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Keeping Mosquitos Away
10 Plants That Will Spruce Up Your Garden And Keep Mosquitos Away
WRITTEN BY JAYMI NACIRI POSTED ON SUNDAY, 09 APRIL 2017 14:02
Is your green thumb overdue for a project? Spring is the most popular time for new plantings because of the optimal conditions, with longer days, more sunlight, and increased rain. As long as you're gardening anyway, you have a great opportunity to choose some plants that can safely keep mosquitos out of your yard. Here are 10 that have been shown to be effective.
Mint is an effective mosquito repellant that also helps to keep flies away. It's also a great addition to an herb garden. It can be invasive, however, "and can take over an area very quickly," said do it yourself. "Plant mint in a large coffee can with the bottom cut out to keep it from taking over your garden."
For sheer beauty and a lovely scent, it doesn't get much better than lavender. Thankfully, mosquitos don't share our love of the scent. "Have you ever noticed that insects or even rabbits and other animals have never decimated your lavender plant? It is because of their lovely fragrance, which comes from its essential oils that are found on the leaves of the plant," said Garden Design. "It is even argued that lavender oil hinders a mosquito's ability to smell! This plant is very tough and drought-resistant once established, and only needs full sun and good drainage. And while it can endure many climates, it thrives in warmer areas."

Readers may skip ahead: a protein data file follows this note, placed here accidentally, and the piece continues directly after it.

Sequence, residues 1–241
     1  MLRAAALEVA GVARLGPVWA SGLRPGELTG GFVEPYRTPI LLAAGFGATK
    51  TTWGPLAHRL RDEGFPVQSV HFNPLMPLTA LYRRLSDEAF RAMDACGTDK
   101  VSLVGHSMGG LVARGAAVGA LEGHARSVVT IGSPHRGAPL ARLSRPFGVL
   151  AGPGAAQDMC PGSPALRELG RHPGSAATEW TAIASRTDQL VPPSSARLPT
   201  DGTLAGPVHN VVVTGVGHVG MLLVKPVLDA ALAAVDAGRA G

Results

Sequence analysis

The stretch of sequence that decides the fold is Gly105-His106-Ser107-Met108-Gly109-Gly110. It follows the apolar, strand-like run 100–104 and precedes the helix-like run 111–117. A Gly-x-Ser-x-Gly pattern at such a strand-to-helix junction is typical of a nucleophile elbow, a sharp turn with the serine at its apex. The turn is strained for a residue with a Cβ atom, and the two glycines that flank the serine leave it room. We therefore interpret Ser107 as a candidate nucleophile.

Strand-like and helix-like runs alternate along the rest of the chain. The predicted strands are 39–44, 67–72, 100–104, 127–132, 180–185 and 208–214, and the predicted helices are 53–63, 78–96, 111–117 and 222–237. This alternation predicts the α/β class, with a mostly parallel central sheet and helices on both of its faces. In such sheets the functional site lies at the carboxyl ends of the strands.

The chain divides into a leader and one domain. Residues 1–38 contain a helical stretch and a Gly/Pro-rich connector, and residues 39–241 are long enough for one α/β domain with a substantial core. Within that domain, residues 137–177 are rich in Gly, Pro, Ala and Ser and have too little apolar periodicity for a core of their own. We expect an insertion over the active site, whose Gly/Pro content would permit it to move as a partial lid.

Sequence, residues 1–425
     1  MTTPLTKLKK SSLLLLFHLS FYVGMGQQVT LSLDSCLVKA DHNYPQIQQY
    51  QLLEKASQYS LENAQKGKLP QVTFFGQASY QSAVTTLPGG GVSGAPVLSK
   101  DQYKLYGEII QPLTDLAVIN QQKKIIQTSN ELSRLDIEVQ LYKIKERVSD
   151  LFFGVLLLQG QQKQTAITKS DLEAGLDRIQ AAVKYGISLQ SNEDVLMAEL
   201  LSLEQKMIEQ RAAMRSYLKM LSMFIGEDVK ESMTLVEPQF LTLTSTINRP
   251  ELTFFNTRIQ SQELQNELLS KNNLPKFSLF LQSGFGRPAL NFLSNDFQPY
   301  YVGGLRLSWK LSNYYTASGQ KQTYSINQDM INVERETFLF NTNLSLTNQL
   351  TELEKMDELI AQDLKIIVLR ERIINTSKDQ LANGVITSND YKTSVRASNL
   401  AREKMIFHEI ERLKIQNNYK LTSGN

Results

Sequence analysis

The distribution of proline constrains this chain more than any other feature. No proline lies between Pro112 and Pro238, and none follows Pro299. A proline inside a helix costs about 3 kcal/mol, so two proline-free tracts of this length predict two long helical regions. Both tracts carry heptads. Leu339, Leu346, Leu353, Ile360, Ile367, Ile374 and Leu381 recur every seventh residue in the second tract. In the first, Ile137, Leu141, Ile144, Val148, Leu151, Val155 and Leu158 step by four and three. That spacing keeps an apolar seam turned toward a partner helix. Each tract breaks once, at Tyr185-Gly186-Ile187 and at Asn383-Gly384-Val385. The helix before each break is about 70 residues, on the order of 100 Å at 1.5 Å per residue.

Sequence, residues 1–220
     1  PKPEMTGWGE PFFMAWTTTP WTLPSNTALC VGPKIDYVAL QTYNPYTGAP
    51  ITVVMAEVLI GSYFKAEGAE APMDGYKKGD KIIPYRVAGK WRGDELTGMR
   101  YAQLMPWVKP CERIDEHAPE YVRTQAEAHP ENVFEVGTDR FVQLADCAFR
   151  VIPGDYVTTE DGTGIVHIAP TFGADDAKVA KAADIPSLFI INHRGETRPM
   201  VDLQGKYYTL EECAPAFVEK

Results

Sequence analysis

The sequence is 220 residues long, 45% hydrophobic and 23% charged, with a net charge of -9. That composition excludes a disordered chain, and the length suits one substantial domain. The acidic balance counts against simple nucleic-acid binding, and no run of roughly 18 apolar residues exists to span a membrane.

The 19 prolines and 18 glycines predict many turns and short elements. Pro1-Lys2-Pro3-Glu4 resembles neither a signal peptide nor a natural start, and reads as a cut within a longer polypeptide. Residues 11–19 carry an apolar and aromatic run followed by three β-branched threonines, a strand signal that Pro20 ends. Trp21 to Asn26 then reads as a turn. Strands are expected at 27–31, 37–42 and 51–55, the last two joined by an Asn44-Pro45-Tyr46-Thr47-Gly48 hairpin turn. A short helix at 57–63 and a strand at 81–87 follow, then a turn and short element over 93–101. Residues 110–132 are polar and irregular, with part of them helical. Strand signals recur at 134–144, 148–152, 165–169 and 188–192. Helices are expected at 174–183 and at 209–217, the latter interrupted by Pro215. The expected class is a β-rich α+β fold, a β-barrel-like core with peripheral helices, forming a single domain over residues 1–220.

Catnip works as a mosquito repellent thanks to the ingredient nepetalactone, which "was found to be 10X stronger than even DEET in a recent study," said Best Plants. "It is a good non-toxic alternative to traditional chemical sprays."
You might not enjoy having citronella candles in your yard, which can be smelly and also are "often laden with chemicals," said Natural Living Ideas. But go the citronella plant route and you can get the mosquito-repelling qualities in a more natural manner. "The citronella plant (officially known as the citrosum plant and often referred to as the mosquito plant) can be grown in your garden for mosquito control. The plant carries the fragrance of citronella in its foliage, and when a leaf is crushed and rubbed onto the skin, the aroma is very pleasant, yet it helps to naturally repel those mosquitoes. While not as effective as bottled repellents, it comes without the high price or potentially hazardous chemicals, and when grown in the garden, you'll always have it on hand."
If you don't want to plant citronella, plant lemongrass instead. This ornamental grass contains citronella, and many - except for mosquitos - find the scent to be pleasing.
"Not only do they make your landscape more attractive, but marigolds also have a distinct smell that repels mosquitoes," said Angie's List. Super easy to grow, marigolds can start from seeds or from a "starter plant from a nursery or floral department." Placing them close to doors and windows or in outdoor living spaces will help ensure that mosquitos stay away from the places your family typically congregates. And, "They also deter insects that prey on tomato plants - an added bonus for gardeners."